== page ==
RG-6 grenade launcher

From Wikipedia, the free encyclopedia
Jump to navigation Jump to search
RG-6 (6G30)
RG-6 Interpolitex-2011.jpg
TypeRevolver grenade launcher
Place of originRussia
Service history
In service1994–present
Used byRussia
WarsFirst Chechen War
Second Chechen War
Syrian Civil War[1]
Iraqi Civil War (2014-present)
Production history
DesignerTsKIB SOO Valery Nicolayevich Telesh
Designed1993-1994
Produced1994–present
Specifications
Weight6.2 kg (13.67 lb)
Length690 mm (27 in) stock extended / 520 mm (20.5 in) stock folded
Width145 mm (5.7 in)
Height280 mm (11 in) in combat / 200 mm (7.9 in) in travelling

Cartridge40 mm caseless grenades
ActionDouble action
Rate of fire2 rounds/sec (rapid fire)
16-18 rounds/min (sustained)
Muzzle velocity76.5 m/s (251 ft/s)
Maximum firing range400 m (1,300 ft)
Feed system6-Round, Revolving, Swing Out-Type Cylinder
Sightsfolded, ladder-type rear sight

The RG-6 (GRAU designation 6G30) is a Russian 40 mm semi-automatic, six-shot revolver-type grenade launcher developed between 1993 and 1994 by Central Design and Research Bureau of Sporting and Hunting Weapons (TsKIB SOO), Tula, Russia.

History[edit]

The RG-6 was required to increase the firepower of the infantry during urban combat, seen in small-scale conflicts, such as the Chechen wars. The RG-6 entered limited production by the mid-1990s and is now in use by various elements of Russian Army and special forces such as those in the MVD.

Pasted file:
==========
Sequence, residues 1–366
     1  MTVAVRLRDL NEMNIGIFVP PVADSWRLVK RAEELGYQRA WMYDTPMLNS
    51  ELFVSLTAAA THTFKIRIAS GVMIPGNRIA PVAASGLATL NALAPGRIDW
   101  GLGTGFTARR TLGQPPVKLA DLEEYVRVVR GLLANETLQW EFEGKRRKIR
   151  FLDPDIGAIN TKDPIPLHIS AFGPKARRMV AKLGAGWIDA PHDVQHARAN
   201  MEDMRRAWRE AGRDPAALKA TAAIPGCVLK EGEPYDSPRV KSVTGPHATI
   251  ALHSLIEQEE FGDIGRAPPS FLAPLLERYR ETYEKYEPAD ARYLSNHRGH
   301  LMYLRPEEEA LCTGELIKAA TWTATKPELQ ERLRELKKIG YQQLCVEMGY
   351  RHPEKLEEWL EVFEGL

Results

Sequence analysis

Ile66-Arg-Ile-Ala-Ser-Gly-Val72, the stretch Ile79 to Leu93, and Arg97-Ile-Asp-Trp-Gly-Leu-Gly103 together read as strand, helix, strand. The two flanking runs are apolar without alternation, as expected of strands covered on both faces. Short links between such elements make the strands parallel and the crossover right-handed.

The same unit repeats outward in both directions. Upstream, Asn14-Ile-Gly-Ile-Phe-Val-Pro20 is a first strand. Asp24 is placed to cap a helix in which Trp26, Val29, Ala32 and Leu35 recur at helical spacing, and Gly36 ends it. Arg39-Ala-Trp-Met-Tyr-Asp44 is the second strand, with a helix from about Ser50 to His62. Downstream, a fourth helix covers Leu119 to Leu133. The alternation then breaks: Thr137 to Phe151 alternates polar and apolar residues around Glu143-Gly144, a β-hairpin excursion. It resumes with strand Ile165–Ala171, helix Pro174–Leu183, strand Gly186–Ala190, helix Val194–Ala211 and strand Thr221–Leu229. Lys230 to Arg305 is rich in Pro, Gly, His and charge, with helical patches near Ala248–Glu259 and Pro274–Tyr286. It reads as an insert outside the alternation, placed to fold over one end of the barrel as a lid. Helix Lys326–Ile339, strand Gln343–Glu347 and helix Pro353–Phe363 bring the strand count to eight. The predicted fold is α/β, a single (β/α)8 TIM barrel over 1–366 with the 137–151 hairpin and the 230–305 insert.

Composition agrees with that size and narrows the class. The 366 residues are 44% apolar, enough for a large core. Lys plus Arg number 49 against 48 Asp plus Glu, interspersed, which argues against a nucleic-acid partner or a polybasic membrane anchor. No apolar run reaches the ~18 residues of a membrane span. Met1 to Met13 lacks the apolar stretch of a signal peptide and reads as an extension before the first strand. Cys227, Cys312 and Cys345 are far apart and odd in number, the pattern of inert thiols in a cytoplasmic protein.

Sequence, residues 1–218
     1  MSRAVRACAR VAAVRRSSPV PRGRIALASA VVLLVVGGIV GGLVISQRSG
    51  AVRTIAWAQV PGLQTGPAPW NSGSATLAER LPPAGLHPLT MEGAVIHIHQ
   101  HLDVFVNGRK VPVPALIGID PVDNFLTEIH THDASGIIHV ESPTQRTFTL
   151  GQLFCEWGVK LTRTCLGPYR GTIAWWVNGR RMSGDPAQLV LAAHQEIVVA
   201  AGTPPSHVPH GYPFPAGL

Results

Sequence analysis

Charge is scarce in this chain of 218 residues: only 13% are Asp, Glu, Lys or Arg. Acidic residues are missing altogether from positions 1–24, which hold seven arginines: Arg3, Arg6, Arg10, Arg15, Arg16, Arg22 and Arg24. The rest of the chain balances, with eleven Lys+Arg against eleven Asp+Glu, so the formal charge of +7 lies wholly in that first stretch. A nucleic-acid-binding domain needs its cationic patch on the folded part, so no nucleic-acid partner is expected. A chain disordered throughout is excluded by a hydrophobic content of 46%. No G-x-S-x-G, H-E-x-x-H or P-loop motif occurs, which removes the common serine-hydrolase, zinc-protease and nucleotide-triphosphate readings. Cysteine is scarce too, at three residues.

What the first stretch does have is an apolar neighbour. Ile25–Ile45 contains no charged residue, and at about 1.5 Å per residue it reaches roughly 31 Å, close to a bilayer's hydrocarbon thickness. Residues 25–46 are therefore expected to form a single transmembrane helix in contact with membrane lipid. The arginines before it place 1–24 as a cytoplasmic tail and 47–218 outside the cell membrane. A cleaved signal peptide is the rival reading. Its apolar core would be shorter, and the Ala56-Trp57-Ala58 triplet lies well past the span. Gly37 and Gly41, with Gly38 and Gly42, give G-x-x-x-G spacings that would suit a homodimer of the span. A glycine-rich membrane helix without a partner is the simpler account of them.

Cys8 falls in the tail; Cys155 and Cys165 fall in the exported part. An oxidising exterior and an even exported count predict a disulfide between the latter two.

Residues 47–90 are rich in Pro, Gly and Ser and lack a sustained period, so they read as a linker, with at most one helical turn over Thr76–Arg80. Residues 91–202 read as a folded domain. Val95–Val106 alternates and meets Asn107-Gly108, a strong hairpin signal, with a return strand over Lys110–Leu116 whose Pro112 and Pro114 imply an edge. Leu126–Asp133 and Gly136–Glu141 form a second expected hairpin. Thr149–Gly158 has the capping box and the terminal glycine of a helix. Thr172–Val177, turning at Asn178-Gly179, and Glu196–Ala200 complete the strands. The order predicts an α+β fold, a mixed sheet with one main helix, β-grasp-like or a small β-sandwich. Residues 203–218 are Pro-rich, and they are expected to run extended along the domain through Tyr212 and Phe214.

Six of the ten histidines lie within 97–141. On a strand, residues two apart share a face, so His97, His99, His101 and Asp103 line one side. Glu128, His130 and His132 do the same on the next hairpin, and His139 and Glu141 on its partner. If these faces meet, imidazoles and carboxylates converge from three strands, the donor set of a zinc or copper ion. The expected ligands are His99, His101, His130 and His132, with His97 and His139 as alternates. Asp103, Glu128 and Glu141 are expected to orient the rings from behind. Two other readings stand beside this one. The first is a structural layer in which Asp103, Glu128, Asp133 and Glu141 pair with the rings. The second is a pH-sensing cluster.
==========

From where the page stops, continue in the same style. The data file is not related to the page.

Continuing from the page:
Design[edit]

RG-6 is designed to fire all standard 40mm "caseless" grenades, available for the general issue GP-25 underbarrel launcher. The design of the RG-6 is, apparently, heavily influenced by the South African Milkor MGL grenade launcher, with some differences. The key difference is RG-6 uses "caseless" rounds, and thus its cylinder is loaded from the front. The "barrel" is, in fact, a smoothbore tube, which served only as a support for front grip and sights.

The double-action only trigger unit is also modified from GP-25, with manual safety and several automatic safeties.

The cylinder is rotated using a clockwork-type spring, which is manually wound during reloading. For reloading, the front cylinder plate with the "barrel" tube is unlocked from the frame and then rotated sideways, to expose the front of the cylinder. Each chamber in the cylinder is a separate muzzle-loading rifled barrel, similar in design to the GP-25 barrel.

The sights are folded for more convenient carry and storage, with a ladder-type rear sight. The buttstock is fitted with a rubber recoil pad, and when it is not in use, it is telescoped into the frame.

See also[edit]

References[edit]